The mandate of the nine-year, cross-country Seaborn review was controversial from the start. It expressly forbade addressing the issues of a national energy policy and nuclear power expansion.
In his final report in 1998, Seaborn, a former deputy environment minister, chided the government for ducking the issue and said some people found it impossible to define the scope of the nuclear waste problem in the absence of clear national policies on the future of nuclear power.
The panel decided acceptability of the AECL concept hinged on two key elements: broad public support, and that safety be viewed from both a technical and societal perspective.
It concluded, "while the safety of the AECL concept had been adequately demonstrated from a technical perspective, from a social perspective it has not.
"The concept in its current form does not have broad public support, and does not have the required level of acceptability to be adopted as Canada's approach for managing nuclear fuel wastes."
It further qualified its safety endorsement of the technical plan, saying the AECL concept, "has been on balance adequately demonstrated for a conceptual stage of development."
Its major recommendation called for the creation of a nuclear fuel waste management agency "at arm's length from utilities and AECL" to deal with nuclear fuel wastes in the long term.
The government responded in 2002 with the Nuclear Fuel Waste Act, which directed the nuclear power industry to establish, direct and finance the Nuclear Waste Management Organization.
Seaborn's advice that the agency be independent from the utilities was ignored. Nash, for one, is a former senior executive with Ontario Power Generation. The organization's board of directors is dominated by current and former nuclear industry executives appointed by the industry.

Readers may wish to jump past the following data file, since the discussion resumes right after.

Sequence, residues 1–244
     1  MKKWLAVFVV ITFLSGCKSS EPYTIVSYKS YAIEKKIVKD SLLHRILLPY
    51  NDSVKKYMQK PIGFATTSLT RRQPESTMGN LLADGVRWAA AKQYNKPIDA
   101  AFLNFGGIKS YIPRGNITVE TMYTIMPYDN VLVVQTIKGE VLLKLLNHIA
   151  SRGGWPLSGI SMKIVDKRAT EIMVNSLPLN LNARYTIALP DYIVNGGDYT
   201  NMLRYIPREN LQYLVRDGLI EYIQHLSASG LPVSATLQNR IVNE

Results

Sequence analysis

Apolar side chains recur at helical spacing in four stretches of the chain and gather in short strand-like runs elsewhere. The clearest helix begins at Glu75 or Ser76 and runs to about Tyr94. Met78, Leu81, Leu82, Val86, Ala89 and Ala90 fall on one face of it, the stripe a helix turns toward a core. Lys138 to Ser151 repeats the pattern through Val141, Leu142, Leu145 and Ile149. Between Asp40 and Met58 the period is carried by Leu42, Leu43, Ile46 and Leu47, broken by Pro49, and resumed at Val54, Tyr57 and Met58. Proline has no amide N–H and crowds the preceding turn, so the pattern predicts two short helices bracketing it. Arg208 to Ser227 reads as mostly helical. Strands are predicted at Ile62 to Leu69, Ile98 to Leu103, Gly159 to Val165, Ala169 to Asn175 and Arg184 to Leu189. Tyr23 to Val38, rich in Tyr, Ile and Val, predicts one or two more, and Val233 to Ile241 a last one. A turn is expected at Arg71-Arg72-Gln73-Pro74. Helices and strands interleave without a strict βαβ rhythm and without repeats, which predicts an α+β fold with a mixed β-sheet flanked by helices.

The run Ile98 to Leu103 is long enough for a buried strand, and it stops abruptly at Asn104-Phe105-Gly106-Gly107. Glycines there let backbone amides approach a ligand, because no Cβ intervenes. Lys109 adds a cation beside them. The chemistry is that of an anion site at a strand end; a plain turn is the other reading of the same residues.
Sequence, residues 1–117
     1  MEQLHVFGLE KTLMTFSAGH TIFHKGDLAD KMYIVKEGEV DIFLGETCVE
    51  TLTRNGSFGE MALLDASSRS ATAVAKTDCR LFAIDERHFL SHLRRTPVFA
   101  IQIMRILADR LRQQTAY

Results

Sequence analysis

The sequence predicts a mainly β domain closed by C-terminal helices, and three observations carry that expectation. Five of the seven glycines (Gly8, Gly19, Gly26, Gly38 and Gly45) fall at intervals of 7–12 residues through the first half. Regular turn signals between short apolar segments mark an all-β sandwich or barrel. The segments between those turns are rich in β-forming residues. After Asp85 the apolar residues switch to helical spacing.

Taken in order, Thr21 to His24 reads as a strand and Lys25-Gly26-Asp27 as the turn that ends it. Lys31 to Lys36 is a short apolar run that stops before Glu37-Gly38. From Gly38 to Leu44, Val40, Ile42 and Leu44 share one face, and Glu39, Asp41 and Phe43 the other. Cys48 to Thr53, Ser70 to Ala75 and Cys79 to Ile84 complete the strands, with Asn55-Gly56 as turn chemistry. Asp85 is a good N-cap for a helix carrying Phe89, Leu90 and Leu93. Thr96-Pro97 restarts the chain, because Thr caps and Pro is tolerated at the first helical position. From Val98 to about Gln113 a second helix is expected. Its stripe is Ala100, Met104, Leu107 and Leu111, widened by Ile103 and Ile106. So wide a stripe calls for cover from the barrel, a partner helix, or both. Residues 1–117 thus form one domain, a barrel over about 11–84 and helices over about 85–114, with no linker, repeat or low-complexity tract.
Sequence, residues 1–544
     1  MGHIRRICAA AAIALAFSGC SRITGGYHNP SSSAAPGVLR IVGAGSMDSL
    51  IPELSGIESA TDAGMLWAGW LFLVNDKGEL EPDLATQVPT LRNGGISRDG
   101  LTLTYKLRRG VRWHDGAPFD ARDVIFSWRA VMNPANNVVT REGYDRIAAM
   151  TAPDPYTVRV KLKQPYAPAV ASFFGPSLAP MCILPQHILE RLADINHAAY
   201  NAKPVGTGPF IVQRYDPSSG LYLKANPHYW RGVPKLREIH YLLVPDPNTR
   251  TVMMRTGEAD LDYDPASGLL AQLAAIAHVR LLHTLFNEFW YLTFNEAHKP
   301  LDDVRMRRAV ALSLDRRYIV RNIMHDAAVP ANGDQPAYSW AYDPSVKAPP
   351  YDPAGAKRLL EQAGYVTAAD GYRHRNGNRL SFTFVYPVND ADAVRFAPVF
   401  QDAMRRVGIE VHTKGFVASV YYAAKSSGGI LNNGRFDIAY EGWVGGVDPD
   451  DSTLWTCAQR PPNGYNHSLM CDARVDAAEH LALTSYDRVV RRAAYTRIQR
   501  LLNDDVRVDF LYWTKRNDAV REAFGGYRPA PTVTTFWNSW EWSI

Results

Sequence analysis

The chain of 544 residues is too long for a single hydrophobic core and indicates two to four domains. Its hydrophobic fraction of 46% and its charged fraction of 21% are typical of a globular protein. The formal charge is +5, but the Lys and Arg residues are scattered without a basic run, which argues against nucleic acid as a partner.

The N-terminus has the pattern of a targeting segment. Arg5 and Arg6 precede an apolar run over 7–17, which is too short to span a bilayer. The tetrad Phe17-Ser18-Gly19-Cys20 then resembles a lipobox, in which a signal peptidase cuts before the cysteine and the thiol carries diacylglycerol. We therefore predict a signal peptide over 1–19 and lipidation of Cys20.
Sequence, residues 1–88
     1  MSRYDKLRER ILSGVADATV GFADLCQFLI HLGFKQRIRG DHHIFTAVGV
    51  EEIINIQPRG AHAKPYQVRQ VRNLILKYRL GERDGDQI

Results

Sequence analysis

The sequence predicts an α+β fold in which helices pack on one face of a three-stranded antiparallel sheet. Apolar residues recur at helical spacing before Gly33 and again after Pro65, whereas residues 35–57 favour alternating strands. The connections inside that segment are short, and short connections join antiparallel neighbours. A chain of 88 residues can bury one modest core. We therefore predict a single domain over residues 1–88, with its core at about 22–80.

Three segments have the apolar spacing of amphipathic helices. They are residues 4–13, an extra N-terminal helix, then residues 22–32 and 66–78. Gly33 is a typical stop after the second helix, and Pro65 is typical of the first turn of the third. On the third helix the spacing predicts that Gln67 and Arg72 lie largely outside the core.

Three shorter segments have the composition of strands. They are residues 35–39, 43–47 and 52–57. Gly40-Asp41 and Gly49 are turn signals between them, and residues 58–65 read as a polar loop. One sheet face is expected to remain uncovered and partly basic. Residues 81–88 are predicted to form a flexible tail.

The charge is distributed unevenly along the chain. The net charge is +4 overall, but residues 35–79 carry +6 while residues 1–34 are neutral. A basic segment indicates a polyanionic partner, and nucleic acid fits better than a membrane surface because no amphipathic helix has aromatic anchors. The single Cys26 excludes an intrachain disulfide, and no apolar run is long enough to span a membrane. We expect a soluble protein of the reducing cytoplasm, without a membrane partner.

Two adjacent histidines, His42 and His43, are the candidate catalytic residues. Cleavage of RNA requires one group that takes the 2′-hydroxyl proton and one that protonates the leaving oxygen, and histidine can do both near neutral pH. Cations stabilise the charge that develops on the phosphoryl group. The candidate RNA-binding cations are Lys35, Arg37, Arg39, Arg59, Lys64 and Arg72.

Edwards believes the organization is a creature of an industry fighting for survival.
"The people who are in charge of the nuclear waste problem at the moment are the very people who desperately have to convince people that it's not a problem," he says.
Murphy, who has done some work for the agency and generally supports the repository premise, says the organization is being hurt by its industry connections.
"It's not the NWMO's fault, they're a creature of their legislation, but it has meant that it has hamstrung them in terms of their broader credibility, legitimacy."
The Nuclear Fuel Waste Act tasked the NWMO with comparing the benefits, risks and costs of three disposal options: deep geological disposal in the Canadian Shield; centralized storage above or below ground; and continued storage at nuclear reactor sites.
After three years of research and some of the most extensive public consultations ever held in Canada — 150 information sessions and meetings in every province and territory involving 18,000 Canadians and 500 experts — the organization concluded in 2005 that all three options had drawbacks.